A new outburst from the Supergiant Fast X-ray Transient IGRJ17544-2619 caught by Swift
ATel #1454; L. Sidoli (INAF-IASF Milano), P. Romano, V. Mangano (INAF-IASF Palermo), J. A. Kennea(PSU), G. Cusumano (INAF-IASF Palermo), S. Campana (OAB), S. Vercellone (INAF-IASF Milano), D. N. Burrows (PSU), N. Gehrels (GSFC)
on 1 Apr 2008; 15:52 UT
Distributed as an Instant Email Notice Request For Observations
Credential Certification: Lara Sidoli (firstname.lastname@example.org)
Subjects: X-ray, Request for Observations, Transient
The Swift satellite has observed a new outburst from IGR J17544-2619,
a Supergiant Fast X-ray Transient discovered in September 2003 with INTEGRAL
(Sunyaev et al., ATel#190).
The Swift Burst Alert Telescope (BAT) triggered on March 31 at 20:50:45 UT,
(trigger=308224). Swift immediately slewed to the target, so that the NFI
onboard Swift started observing it about 162s after the trigger.
The BAT mask-weighted light curve shows a long lasting plateau emission
from about T-107 s to T+553 s, with an approximately 8 s long peak centered at
546 s. The estimated T90 (15-350 keV) is 614+/-77s
(estimated error including systematics).
The time-averaged spectrum from T-107 to T+553 s is best fit by a simple
power-law model. The photon index of the time-averaged spectrum is
4.7+/-0.6. The fluence in the 15-150 keV band is about 1.1E-06 erg/cm2.
The flux in the 15-150 keV band is 1.6544E-09 ergs cm^-2 s^-1.
All the quoted errors are at the 90% confidence level.
The Swift/XRT observations started on March 31, at 20:53:27 UT.
The initial WT data (170-492s since the trigger) show a
complex light curve with several flares and a count rate that
reached about 20 counts/s.
The following PC data (3724-5276s) show a count rate of
(4.5+/-0.8)E-02 counts/s, so that a dynamic range of 400 is observed
in about 1.5 hours.
The peak of the outburst (WT data) is at 1E-9 erg/cm2/s (unabsorbed, 2-10 keV),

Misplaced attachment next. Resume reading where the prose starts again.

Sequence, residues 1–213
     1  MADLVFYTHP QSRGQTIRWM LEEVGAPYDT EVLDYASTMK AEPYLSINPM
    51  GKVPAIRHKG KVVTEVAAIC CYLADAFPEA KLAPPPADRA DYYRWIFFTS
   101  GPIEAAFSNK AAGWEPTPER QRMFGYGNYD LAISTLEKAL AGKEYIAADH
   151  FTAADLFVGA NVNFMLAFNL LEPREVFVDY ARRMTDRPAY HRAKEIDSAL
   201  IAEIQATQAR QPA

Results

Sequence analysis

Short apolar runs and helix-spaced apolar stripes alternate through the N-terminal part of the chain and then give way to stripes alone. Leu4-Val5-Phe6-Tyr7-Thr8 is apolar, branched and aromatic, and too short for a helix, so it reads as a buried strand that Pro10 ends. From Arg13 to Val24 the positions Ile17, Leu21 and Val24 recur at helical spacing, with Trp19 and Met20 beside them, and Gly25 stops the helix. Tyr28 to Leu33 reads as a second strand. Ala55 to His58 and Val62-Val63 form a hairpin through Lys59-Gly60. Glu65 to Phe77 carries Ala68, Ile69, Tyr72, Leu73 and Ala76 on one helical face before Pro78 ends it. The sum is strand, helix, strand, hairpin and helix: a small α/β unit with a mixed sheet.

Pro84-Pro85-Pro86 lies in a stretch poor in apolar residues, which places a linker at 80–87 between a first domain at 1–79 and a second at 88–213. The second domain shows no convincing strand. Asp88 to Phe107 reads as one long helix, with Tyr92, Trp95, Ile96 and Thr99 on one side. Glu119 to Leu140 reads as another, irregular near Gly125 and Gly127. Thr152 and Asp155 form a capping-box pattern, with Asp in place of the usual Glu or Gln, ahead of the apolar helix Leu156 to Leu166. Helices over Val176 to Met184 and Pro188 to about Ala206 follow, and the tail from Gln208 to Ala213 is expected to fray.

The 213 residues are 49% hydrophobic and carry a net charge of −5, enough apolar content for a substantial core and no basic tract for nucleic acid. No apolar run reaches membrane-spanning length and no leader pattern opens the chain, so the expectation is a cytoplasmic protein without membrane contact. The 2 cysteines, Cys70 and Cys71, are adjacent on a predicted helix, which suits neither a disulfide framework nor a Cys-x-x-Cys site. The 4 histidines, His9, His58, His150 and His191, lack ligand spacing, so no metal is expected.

showing a hard spectrum, well fit with a powerlaw with a photon index
of 0.74+/-0.11, and highly absorbed with a column density of
NH=(1.1+/-0.2)E+22 cm-2 (chi2_red=1.035 for 143 dof).
A fit with a cutoff power-law yields a column density of NH=(0.7+/-0.3)E+22 cm-2,
a photon index of -0.24(-0.56,+0.57), and a cutoff energy of 4.6(-1.7,+6.4) keV
(chi2_red=0.986 for 142; Ftest probability with respect to simple power law is 5E-03).
A 3sigma upper limit to the equivalent width of an iron line at 6.7 keV can be
placed at 63 eV.
The X-ray spectrum of the fainter emission (PC, ~5E-12 erg/cm2/s, unabsorbed)
is significantly softer: fitted with a powerlaw model (Cash statistics),
the resulting photon index is 1.53(-0.58,+0.70) and an absorbing column density of
Previously, several bright flares have been observed with INTEGRAL
(see e.g. Grebenev et al. 2004, ATel #252; Sguera et al. 2006 ApJ, 646, 452;
Walter et al., 2007, A&A, 476, 335; Kuulkers et al. 2007, ATel #1266),
with Chandra (in't Zand 2005, A&A, 441, L1) and in archival
BeppoSAX/WFC data (in't Zand et al., 2004, ESASP, 552, 427).
The last outburst has been observed 144 days ago with Swift/BAT (Krimm et al., Atel#1265),
beginning at 1:31:04 UT on November 8, 2007 (MJD 54412), but unfortunately observations
with Swift/XRT were not possible because of Sun constraints.
The source position determined with XMM-Newton at arcsec level
(Gonzalez-Riestra et al., IAUC 8202 ) was later refined with Chandra
(R.A.(J2000) 17h 54m 25.284s, Dec (J2000)=-26deg 19' 52.62",
0.6 arcsec error radius; in't Zand 2005), which confirmed the
association with the optical counterpart 2MASS J17542527-2619526
at first suggested by Rodriguez (2003, ATel#194),
later identified as a O9Ib star (Pellizza et al. 2006) located at 3.6 kpc
(Rahoui et al. 2008, arXiv.0802.1770).
We would like to thank the Swift Team for making these observations possible,
in particular the duty scientists as well as the science planners.